Black Americans Jailed 5-Times More Than Whites, New Study Shows

By on
Inmates walk on the roof of a wing of the main regional prison in Guayaquil, Ecuador, where at least 24 prisoners were killed in a gun battle among inmates
Inmates walk on the roof of a wing of the main regional prison in Guayaquil, Ecuador, where at least 24 prisoners were killed in a gun battle among inmates

Black Americans are five times more likely to be jailed than white Americans, according to a study published Wednesday. 

A report by the Sentencing Project found that there were “staggering disproportionalities” among the rates of incarceration of Black adults and Latinos compared to white Americans. 

“The latest available data regarding people sentenced to state prison reveal that Black Americans are imprisoned at a rate that is roughly five times the rate of white Americans,” the report read. “Latinx individuals are incarcerated in state prisons at a rate that is 1.3 times the incarceration rate of whites.”

The study, which used data and projections from the U.S. Census, the U.S. Bureau of Justice Statistics, and information provided by several states, also found that one in 81 Black adults per 100,000 people in the country is currently imprisoned in a state prison.

Additionally, over half of the prison population in 12 states, most of which are in the south, are Black Americans. These states are Alabama, Delaware, Georgia, Illinois, Louisiana, Maryland, Michigan, Mississippi, New Jersey, North Carolina, South Carolina and Virginia.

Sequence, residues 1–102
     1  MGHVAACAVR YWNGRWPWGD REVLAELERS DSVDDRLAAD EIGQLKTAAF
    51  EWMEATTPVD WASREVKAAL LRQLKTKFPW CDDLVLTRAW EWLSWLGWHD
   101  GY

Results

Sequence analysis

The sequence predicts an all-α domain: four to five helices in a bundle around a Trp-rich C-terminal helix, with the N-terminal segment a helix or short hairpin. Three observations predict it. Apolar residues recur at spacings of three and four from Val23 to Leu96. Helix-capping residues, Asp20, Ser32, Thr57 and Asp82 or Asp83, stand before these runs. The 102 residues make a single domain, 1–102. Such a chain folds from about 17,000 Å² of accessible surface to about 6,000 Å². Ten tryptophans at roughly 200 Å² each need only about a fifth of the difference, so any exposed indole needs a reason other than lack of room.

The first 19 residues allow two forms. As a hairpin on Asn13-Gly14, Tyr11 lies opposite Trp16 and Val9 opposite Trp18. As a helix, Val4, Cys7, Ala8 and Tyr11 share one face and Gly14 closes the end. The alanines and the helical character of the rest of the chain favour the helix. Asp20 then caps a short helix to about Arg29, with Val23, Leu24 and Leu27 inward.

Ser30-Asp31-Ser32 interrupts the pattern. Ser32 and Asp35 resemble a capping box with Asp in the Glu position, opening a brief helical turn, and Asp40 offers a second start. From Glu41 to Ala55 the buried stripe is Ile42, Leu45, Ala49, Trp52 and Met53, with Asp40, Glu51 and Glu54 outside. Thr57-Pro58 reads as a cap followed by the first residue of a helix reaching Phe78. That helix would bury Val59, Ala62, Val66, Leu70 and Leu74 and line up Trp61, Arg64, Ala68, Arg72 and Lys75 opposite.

The study also found that in Wisconsin, one in every 36 Black adults is in prison. In 2010, there were 4,042 Black Americans per 100,000 people in that racial group in the state’s prisons. In comparison, there were only 416 whites and 622 Hispanics, according to The Prison Policy Initiative.

In Hawaii, Black adults were still jailed at more than double the rate of whites. The state had the lowest Black-to-white disparity.

"Immediate and focused attention on the causes and consequences of racial disparities is required in order to eliminate them,” Ashley Nellis, a senior research analyst for The Sentencing Project, wrote. 

The U.S. is currently the global leader in incarceration, with over 1.2 million people imprisoned nationally, according to The Sentencing Project. 

However, some prosecutors have begun creating policies that prevent mass incarceration, including eliminating cash bail. Nine states -- Alaska, New Jersey, New York, Connecticut, Alabama, Rhode Island, Vermont, Hawaii and California -- have also worked to reduce their prison population by 30%, the report said. 


Torture and sexual violence inflicted on inmates is systemic in Russia's vast penitentiary system, prison monitors say
Torture and sexual violence inflicted on inmates is systemic in Russia's vast penitentiary system, prison monitors say
Photo: AFP / Dimitar DILKOFF

Join the Discussion